It’s the late 1980s and Patrick Bateman is a high-powered stockbroker on Wall Street. He works mergers and acquisitions. Or is it murders and executions? Both actually, because he’s your normal Wall Street-type during the day, but at night he roams the streets perpetrating random acts of violence.
When I first saw American Psycho (Universal), I really did not know what to expect. I was surprised to find out that the film was a satire of American life in the ’80s. The film does an admirable job of fulfilling this task, making fun of the commercialism and superficiality of the time period. As we find out by watching this movie, image is the most important thing in life to Patrick Bateman, the homicidal stockbroker played by Christian Bale.
At first glance, one probably could see this as a scary slasher-type, blood and guts movie. At points it is. But Bateman’s murders are not the true scary subject of this movie. The movie is scary because of how superficial and egotistical the yuppies of the ’80s actually were.
The best scenes of this film are the humorous ones. At one point, characters compare business cards. It doesn’t sound funny, but it is set up like duel of some sort – over something as arbitrary as business cards.
Another standout funny/scary scene involves Bateman eerily cheering himself on in the mirror during an encounter with two prostitutes. Yes, some (a lot) of the humor is sick and twisted, but what do you expect with a movie about a psycho killer? For me, American Psycho works on all levels.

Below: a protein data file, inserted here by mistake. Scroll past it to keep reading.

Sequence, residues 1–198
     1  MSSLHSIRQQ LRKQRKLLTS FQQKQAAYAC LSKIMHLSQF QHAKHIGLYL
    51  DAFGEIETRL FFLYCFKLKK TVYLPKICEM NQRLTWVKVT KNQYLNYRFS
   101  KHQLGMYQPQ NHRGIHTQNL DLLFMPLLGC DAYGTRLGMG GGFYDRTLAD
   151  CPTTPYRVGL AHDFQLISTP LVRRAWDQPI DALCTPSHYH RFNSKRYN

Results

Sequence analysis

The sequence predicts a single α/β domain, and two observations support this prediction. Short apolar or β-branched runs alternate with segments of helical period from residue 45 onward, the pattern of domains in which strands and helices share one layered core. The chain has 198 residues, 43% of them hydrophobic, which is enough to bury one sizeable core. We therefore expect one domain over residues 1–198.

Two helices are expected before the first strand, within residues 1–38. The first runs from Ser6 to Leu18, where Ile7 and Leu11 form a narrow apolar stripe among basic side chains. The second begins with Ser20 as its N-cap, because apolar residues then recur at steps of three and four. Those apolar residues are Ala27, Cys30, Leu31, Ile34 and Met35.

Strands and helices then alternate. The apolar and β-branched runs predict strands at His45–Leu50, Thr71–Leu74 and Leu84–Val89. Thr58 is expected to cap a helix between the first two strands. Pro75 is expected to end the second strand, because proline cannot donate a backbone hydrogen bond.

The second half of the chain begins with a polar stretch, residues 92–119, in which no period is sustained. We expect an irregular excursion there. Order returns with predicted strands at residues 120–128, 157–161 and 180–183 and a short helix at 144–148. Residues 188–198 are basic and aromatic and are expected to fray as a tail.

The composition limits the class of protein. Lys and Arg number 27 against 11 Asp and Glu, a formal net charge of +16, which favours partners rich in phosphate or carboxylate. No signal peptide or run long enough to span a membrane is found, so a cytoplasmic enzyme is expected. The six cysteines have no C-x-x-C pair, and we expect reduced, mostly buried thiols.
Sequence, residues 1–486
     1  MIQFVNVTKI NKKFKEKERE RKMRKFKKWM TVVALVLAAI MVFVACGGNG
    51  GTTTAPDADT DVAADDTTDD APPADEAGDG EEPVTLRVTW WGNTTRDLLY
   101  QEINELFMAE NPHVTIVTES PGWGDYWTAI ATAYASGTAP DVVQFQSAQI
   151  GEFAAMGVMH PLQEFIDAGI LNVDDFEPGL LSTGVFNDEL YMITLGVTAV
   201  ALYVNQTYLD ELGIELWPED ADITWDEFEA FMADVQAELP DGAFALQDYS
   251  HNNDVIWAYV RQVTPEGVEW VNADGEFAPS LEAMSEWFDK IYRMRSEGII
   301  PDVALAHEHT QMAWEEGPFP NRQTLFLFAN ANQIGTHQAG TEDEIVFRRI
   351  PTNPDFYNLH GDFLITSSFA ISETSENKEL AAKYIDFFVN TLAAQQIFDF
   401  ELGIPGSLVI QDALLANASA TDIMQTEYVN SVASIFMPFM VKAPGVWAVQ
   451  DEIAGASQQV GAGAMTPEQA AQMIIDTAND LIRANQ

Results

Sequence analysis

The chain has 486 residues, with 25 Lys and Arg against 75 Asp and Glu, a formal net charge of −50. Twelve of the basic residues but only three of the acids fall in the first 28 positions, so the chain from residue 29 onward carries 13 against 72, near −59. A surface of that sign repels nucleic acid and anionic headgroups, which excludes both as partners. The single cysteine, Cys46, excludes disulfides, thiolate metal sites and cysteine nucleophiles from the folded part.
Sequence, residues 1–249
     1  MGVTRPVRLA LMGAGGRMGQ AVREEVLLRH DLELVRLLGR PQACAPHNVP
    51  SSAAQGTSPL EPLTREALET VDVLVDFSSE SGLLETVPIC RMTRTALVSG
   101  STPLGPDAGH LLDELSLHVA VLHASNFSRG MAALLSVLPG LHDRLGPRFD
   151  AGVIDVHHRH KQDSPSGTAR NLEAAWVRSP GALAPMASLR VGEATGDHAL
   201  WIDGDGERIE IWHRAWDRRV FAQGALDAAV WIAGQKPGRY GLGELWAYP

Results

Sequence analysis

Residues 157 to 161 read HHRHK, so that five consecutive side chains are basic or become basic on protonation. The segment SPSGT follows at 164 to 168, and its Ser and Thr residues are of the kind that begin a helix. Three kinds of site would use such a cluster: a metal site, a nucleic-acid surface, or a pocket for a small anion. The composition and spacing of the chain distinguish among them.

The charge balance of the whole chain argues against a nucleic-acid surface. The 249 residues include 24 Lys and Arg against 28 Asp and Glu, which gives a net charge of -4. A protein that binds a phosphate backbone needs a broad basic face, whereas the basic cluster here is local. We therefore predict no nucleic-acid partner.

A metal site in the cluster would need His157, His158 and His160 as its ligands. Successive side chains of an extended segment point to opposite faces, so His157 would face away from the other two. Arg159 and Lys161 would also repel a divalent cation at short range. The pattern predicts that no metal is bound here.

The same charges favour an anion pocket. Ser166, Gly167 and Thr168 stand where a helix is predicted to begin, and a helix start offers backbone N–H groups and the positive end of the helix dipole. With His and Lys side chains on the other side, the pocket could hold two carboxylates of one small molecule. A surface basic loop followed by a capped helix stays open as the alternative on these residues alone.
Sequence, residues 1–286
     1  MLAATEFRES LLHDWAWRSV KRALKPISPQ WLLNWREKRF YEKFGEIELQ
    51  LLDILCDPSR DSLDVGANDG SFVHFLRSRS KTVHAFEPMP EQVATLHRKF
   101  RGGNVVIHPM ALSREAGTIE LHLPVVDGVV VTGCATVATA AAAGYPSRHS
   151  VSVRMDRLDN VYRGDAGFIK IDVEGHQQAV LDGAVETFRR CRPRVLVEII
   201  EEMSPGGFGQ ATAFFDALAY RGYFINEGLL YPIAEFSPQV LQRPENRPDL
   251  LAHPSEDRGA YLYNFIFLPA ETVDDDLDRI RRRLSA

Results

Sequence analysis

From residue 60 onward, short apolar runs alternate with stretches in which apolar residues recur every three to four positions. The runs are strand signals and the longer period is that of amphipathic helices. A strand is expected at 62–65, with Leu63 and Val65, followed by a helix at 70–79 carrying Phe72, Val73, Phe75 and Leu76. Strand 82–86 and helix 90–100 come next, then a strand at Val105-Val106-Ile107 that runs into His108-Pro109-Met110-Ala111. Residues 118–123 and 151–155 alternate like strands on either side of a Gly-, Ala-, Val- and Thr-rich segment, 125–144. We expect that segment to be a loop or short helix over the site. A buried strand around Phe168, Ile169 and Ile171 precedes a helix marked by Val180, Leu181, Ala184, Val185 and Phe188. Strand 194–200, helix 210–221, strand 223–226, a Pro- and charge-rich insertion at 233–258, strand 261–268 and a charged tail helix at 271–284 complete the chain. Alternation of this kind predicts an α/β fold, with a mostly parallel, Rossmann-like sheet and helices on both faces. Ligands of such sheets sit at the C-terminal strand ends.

I love satire. But I do not love this flick. Where does American Psycho go wrong? It absolutely lacks any trace of subtlety, which is, in some ways, the point of a satire.
We’re bombarded with the in-your-face symbolism of business cards, facial products and five-star restaurants. The point, how they all represent the big business greed of the ’80s, is so belabored as to physically tire the viewer. There might as well have been a line in the script saying something like, “Us ’80s people sure are image-conscious and greedy.”
Unfortunately for the people who made the film, the ’80s ended 10 years before its release. A movie like Fight Club is far more relevant as it deals with present problems in society, something that is much harder to dissect.
This movie does have some saving graces. For one, Bale is phenomenal. He’s an incredible actor and delivers the few chuckles that the movie has to offer here and there. As a horror comedy, it succeeds on some levels.
If you want a movie with brutal violence, graphic sex and social commentary on the past rent American Psycho. If you want something that is relevant today, skip the history lesson and just go grab Fight Club.